Genesis 46:1 MEANING

Genesis 46:1


(1) Israel . . . came to Beer-sheba.--Though Jacob, in the first tumult of his joy, had determined upon hastening to Egypt, yet many second thoughts must have made him hesitate. He would call up to mind the boding prophecy in Genesis 15:13, that the descendants of Abraham were to be reduced to slavery, and suffer affliction in a foreign land for four hundred years. It might even be a sin, involving the loss of the Abrahamic covenant, to quit the land of Canaan, which Abraham had expressly forbidden Isaac to abandon (Genesis 24:8). Isaac, too, when going into Egypt, had been commanded to remain in Palestine (Genesis 26:2). Jacob therefore determines solemnly to consult God before finally taking so important a step, and no place could be more suitable than Beersheba, as both Abraham and Isaac had built altars there for Jehovah's worship (Genesis 21:33; Genesis 26:25), and, moreover, it lay upon the route from Hebron to Egypt.

Verse 1. - And Israel (as the head of the theocratic family) took his journey - literally, broke up, sc. his encampment (cf. Genesis 12:9) - with all that he had, and came - from Hebron (Genesis 37:14) - to Beersheba, - where Abraham (Genesis 21:33) and Isaac (Genesis 26:25) had both sojourned for considerable periods, and erected altars to Jehovah - and offered sacrifices unto the God (the Elohim) of his father Isaac. Probably giving thanks to God for the tidings concerning Joseph (Ainsworth); consulting God' about his journey to Egypt (Rosenmüller); it may be, pouring out before God his fear as well as gratitude and joy, more especially if he thought about the stern prophecy (Genesis 15:13) which had been given to Abraham (Kalisch); perhaps commending himself and family to the care of his covenant God (Keil), and certainly praying that God would confirm to him and his the covenant which had been made with his fathers (Calvin).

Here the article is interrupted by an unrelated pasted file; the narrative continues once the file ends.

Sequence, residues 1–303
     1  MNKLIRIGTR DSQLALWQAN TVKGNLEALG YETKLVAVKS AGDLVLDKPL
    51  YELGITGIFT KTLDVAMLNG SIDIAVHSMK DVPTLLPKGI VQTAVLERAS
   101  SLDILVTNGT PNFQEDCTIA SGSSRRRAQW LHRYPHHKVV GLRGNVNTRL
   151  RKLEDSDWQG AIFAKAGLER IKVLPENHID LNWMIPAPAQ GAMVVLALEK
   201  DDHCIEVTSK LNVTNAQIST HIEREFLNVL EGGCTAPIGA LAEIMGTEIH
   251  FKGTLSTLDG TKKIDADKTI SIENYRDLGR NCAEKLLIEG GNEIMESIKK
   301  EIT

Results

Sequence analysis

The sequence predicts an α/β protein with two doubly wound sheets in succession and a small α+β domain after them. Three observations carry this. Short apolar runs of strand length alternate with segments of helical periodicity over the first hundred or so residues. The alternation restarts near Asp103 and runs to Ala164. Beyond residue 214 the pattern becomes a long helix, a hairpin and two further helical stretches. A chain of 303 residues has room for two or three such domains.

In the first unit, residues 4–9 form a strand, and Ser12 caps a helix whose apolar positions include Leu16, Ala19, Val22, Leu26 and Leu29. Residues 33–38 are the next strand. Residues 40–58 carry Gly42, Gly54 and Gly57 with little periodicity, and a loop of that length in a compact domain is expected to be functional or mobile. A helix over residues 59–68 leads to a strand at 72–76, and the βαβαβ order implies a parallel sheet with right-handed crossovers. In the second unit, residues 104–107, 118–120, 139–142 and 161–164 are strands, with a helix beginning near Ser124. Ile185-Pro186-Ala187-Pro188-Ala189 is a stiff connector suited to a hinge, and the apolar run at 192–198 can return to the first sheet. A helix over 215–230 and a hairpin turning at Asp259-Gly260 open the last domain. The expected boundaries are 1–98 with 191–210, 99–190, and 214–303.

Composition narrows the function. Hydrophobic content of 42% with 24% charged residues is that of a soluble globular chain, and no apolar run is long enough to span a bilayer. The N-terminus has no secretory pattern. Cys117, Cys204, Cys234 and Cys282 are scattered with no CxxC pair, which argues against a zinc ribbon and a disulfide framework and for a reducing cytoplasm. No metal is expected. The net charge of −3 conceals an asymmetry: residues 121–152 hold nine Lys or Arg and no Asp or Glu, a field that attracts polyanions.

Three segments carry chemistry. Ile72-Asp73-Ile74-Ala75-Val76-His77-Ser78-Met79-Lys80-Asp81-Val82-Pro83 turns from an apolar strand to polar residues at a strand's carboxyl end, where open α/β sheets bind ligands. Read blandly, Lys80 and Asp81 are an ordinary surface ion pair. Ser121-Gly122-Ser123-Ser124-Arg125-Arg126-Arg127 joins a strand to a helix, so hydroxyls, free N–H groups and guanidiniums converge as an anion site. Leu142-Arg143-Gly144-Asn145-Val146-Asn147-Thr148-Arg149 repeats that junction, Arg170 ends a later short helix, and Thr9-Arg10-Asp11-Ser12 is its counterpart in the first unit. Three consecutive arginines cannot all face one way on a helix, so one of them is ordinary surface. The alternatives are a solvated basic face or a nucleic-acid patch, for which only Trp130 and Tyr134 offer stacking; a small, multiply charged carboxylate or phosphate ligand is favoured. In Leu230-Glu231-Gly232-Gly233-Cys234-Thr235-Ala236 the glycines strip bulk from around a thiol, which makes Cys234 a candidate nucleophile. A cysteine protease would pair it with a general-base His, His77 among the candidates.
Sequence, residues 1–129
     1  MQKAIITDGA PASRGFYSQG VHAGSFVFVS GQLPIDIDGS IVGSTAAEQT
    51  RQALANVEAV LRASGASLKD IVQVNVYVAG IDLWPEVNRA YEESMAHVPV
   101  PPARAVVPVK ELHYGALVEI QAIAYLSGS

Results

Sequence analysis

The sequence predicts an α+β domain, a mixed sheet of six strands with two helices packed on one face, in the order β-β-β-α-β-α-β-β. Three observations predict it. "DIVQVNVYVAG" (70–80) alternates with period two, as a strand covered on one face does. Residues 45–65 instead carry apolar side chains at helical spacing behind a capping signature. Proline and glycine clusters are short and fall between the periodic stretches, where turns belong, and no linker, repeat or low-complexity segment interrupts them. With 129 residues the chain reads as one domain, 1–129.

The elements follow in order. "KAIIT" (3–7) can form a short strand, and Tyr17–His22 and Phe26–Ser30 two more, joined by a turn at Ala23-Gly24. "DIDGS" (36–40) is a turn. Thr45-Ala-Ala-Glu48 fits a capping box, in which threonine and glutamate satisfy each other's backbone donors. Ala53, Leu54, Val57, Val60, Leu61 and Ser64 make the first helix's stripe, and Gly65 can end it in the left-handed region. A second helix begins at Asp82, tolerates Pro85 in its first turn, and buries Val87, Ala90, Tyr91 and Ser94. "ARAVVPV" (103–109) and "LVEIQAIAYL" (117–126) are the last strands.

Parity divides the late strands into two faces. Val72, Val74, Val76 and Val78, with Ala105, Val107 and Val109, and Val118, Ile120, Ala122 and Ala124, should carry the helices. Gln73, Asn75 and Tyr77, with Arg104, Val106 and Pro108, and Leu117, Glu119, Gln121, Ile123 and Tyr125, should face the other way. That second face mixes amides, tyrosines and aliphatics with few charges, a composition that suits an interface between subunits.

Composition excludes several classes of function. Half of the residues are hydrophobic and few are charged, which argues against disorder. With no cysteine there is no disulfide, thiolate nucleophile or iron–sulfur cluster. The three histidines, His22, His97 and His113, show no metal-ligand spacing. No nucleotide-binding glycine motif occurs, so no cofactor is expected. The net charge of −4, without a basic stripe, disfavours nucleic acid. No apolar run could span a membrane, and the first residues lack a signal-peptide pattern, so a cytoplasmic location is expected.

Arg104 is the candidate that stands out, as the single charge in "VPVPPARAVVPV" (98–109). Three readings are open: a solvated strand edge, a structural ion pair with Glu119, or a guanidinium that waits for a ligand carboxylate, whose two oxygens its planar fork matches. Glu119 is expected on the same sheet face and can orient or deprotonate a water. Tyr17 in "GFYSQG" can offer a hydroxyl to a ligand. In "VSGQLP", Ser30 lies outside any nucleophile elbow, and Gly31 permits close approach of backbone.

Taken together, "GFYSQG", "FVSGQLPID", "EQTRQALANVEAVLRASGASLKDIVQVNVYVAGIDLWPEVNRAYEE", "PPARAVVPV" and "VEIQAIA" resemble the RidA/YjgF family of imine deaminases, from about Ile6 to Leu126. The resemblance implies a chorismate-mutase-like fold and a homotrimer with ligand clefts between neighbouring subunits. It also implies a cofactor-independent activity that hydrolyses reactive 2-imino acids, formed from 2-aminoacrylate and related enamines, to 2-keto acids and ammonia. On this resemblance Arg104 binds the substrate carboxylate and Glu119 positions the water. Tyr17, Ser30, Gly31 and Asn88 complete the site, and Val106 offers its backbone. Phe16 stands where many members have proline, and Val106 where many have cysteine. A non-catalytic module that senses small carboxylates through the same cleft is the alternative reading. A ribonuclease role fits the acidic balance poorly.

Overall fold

46:1-4 Even as to those events and undertakings which appear most joyful, we should seek counsel, assistance, and a blessing from the Lord. Attending on his ordinances, and receiving the pledges of his covenant love, we expect his presence, and that peace which it confers. In all removals we should be reminded of our removal out of this world. Nothing can encourage us to fear no evil when passing through the valley of the shadow of death, but the presence of Christ.And Israel took his journey with all that he had,.... Set forward in it immediately, as soon as possible after he had resolved to take it, and with him he took all his children and grandchildren, and all his cattle and goods; which shows that he took his journey not only to see his son Joseph, but to continue in Egypt, at least during the years of famine, as his son desired he would, otherwise there would have been no occasion of taking all along with him:

and came to Beersheba: where he and his ancestors Abraham and Isaac had formerly lived; a place where sacrifices had often been offered up, and the worship of God performed, and much communion enjoyed with him. This is said to be sixteen miles from Hebron (n), where Jacob dwelt, and according to Musculus was six German miles from it:

and offered sacrifices to the God of his father Isaac; which were attended with prayer and praise; with praise for hearing that his son Joseph was alive, and with prayer that he might have a good, safe, and prosperous journey.

(n) Bunting's Travels, p. 72.

Courtesy of Open Bible